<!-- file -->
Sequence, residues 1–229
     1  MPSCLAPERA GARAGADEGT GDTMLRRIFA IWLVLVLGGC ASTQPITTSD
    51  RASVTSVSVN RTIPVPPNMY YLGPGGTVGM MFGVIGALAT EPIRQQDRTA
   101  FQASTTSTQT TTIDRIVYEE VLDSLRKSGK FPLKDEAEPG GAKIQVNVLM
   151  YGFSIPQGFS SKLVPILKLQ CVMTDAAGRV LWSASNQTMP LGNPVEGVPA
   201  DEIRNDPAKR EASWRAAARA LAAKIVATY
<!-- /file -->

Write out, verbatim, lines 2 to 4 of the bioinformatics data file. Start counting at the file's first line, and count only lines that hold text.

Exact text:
     1  MPSCLAPERA GARAGADEGT GDTMLRRIFA IWLVLVLGGC ASTQPITTSD
    51  RASVTSVSVN RTIPVPPNMY YLGPGGTVGM MFGVIGALAT EPIRQQDRTA
   101  FQASTTSTQT TTIDRIVYEE VLDSLRKSGK FPLKDEAEPG GAKIQVNVLM